Conservation in human-dominated landscapes: Lessons from the distribution of the Central American squirrel monkey

| June 22, 2019 | Leave a Comment

Figure 1. Rainforest in the Congo Basin being destroyed for a Chinese-funded road construction project (photo by William Laurance).

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Date of Publication: April 3, 2019

Year of Publication: 2019

Author(s): Gerardo Ceballos, Paul R. Ehrlich, Jesus Pacheco, Natalia Valverde-Zúñiga, Gretchen C. Daily

Journal: Biology Conservation

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Abstract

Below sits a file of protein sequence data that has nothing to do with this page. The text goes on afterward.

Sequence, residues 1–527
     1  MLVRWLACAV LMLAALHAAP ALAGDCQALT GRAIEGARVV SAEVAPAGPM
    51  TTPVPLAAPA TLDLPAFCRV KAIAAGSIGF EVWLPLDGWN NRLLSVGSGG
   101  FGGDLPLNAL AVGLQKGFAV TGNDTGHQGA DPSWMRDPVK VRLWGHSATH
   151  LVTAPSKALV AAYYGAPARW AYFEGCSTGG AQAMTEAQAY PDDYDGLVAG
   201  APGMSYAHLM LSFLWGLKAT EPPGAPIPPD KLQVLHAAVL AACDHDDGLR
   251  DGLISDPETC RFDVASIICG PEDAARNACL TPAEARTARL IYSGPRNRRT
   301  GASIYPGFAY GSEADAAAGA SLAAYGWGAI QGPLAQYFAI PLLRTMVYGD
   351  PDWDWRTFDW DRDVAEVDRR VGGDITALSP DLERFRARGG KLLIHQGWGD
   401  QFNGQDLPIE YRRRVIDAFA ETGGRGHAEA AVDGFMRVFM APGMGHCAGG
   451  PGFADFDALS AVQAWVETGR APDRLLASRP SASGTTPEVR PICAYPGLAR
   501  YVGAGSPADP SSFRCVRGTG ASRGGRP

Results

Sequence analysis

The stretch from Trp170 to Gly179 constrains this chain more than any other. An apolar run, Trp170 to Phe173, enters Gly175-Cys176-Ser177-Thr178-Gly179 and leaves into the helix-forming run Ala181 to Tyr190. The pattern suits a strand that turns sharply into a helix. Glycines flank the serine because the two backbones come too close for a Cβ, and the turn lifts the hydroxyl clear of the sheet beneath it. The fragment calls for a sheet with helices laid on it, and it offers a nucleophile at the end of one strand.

It is becoming increasingly evident that many species can tolerate different degrees of habitat perturbation and that we often underestimate the capacity of some human-modified landscapes to support populations of declining species. We provide new insights into the distribution of the endangered Central American squirrel monkey and habitat changed over the last 20 years. The species has shown an approximate 60% decrease between the historic and the present extent of occurrence, with an area of occupancy of also about 60% of the present extent of occurrence. Despite the large habitat alteration, our results show surprisingly that this endangered monkey can persist in highly perturbed landscapes. This offers opportunities to improve its long-term chances of survival through conservation actions to protect and restore its habitat on the one hand, and to reduce the monkey’s direct mortality on the other. Surprisingly we found several troops in 16 localities in a large area along the Rio Coto Brus where the Central American squirrel monkey was previously unrecorded. Some of our observations were made in cloud forests at a record high altitude for this species. We speculate the monkeys are using these highland areas as a corridor between suitable lowland habitats in the Coto Brus and the Rio SierpeOsa Peninsula regions. In response, we suggest strategies to help in the monkey’s long-term conservation, that can be used as an example for other endangered species.

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